Police bodycam footage shows the chilling moment the mother of murdered five-year-old Logan Mwangi denies knowing what happened to her little boy, just hours after her boyfriend dumped her son’s body in a river.
Angharad Williamson, 31, who with John Cole, 40, and a teenager, has been found guilty of murdering Logan, appears hysterical when officers first enter the family’s flat in Bridgend.
Williamson, who is wearing an oversized Captain America t-shirt and black shorts and has dyed bright pink hair, demands to see Logan and shouts: “Why aren’t I allowed to see my biological son?”
In a later clip, she said: “It’s all my fault.”
Logan was found in the River Ogmore just 250 metres from where he lived at around 7am on July 31 last year.
Police officers found him wearing only mis-matched dinosaur and Spider-Man pyjamas and tried to revive him but said there were “no signs of life”.
Logan had suffered 56 external injuries, as well as internal injuries likened to a high-speed car crash.
Footage taken from the CCTV cameras of neighbours showed Cole leaving the flat at 2.43am that morning carrying Logan’s battered body down to the river and being closely followed by his teenage co-accused.
While they are out, the light in Logan’s bedroom appears to be turned on and off several times, and his curtains opened and closed, meaning Williamson was awake and aware of what was happening.
Hours later, at 5.46am, Williamson dialled 999 and made a dramatic report to South Wales Police, claiming to have woken up to find her son missing and blaming another woman for taking him.
She can be heard screaming at the operator: “Please, please help me.”
Williamson describes Logan as “a little mixed-race boy”, adding: “He’s only got pyjamas on.”
She goes on to say: “Logan has had Covid for the last week so he’s been locked in the past week with Covid.
“I tucked him into bed last night and I’ve just got up for my son and the other one’s not here.”
Williamson then begs: “Please you need to find my baby.”
Prosecutors said this was part of an “elaborate charade” to cover up Logan’s death and her role in it.
When police arrived at the property, Williamson can be seen in the front garden, while Cole and the youth walk around the area calling for Logan.
Police suspect Logan is already dead but do not tell Williamson.
Playing the part of a distraught mother, Williamson can be heard constantly wailing and hyperventilating but prosecutors said they were just crocodile tears.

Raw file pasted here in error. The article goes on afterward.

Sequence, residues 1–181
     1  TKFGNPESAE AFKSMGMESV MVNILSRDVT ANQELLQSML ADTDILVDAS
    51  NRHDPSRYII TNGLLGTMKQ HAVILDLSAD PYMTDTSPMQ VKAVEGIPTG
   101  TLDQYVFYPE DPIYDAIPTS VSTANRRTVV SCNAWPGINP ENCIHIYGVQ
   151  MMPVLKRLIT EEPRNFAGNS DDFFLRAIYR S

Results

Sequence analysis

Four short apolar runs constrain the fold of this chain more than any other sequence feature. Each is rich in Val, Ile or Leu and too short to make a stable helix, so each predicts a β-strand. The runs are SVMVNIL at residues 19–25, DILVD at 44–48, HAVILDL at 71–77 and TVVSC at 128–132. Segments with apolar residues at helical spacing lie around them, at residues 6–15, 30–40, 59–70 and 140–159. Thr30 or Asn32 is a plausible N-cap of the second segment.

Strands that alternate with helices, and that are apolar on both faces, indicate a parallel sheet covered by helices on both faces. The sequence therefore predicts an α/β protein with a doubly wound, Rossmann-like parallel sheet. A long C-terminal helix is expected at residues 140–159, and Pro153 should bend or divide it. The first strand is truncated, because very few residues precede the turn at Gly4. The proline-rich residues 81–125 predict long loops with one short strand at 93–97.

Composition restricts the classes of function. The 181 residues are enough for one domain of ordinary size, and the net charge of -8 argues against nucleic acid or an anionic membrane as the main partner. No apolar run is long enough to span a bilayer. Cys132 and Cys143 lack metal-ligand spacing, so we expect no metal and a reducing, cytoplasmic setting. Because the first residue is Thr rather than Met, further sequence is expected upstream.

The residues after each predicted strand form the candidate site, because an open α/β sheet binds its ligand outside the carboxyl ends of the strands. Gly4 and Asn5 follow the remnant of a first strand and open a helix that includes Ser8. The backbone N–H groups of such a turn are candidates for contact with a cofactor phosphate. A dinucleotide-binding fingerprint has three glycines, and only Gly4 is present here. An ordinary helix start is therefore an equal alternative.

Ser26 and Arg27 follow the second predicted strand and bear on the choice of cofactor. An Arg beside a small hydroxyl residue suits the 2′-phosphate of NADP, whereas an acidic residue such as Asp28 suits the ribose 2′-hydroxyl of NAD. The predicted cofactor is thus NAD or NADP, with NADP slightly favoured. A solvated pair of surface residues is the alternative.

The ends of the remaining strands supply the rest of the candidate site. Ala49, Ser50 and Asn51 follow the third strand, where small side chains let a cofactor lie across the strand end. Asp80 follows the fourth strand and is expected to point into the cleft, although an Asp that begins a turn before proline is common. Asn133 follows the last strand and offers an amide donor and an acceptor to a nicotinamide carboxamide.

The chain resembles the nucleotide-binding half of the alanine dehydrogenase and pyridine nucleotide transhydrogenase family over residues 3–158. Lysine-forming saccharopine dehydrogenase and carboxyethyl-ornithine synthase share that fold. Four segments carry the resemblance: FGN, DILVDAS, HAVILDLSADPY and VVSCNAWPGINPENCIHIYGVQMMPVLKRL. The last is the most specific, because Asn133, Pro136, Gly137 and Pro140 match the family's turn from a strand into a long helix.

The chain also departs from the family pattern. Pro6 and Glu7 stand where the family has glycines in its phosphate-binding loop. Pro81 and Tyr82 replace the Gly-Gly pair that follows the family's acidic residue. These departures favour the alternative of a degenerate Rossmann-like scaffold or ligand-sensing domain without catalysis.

Williamson shouts: “He’s unconscious, why is he unconscious?”
Meanwhile Cole, who is also keeping up the sham, tries to comfort her replying: “I don’t know, I don’t know.”
Video footage shows in the background the washing machine and tumble dryer used to clean Logan’s bloody bed sheets.
In a later clip, Williamson is stood outside her home and tells Pc Russell Hibbs: “If he’s unconscious he needs me, he needs warm clothes, he needs mum. I feel so useless.
“This is all my fault,” she adds.
In the remaining bodycam footage, not released to the public, Williamson can be seen having a seizure, which Cole tells officers she is prone to having.
Responding to officers’ refusal to give her any more information, she shouts: “I’ve watched enough cop programmes to know when something is going on.
“Now tell me what’s going on.”
When she is told Logan has died while stood in his bedroom she falls backwards onto his bed and appears to have another seizure for less than a minute.
Williamson, Cole and the youth were arrested the next day and in footage shown to the jury she tells the youth he has “done nothing wrong”.
During police interviews all three continue to lie about what happened to Logan.
Only in her fourth interview does Williamson reveal that she witnessed Cole and the youth attack him in the days leading up to his death.
She claims she is scared of Cole who has told her he is in the SAS, has a significant criminal history, and can find her wherever she goes.
Prosecutors said she was a liar who had doctored her evidence to deflect blame from herself and continued to lie in the witness box under oath during the eight-week trial at Cardiff Crown Court.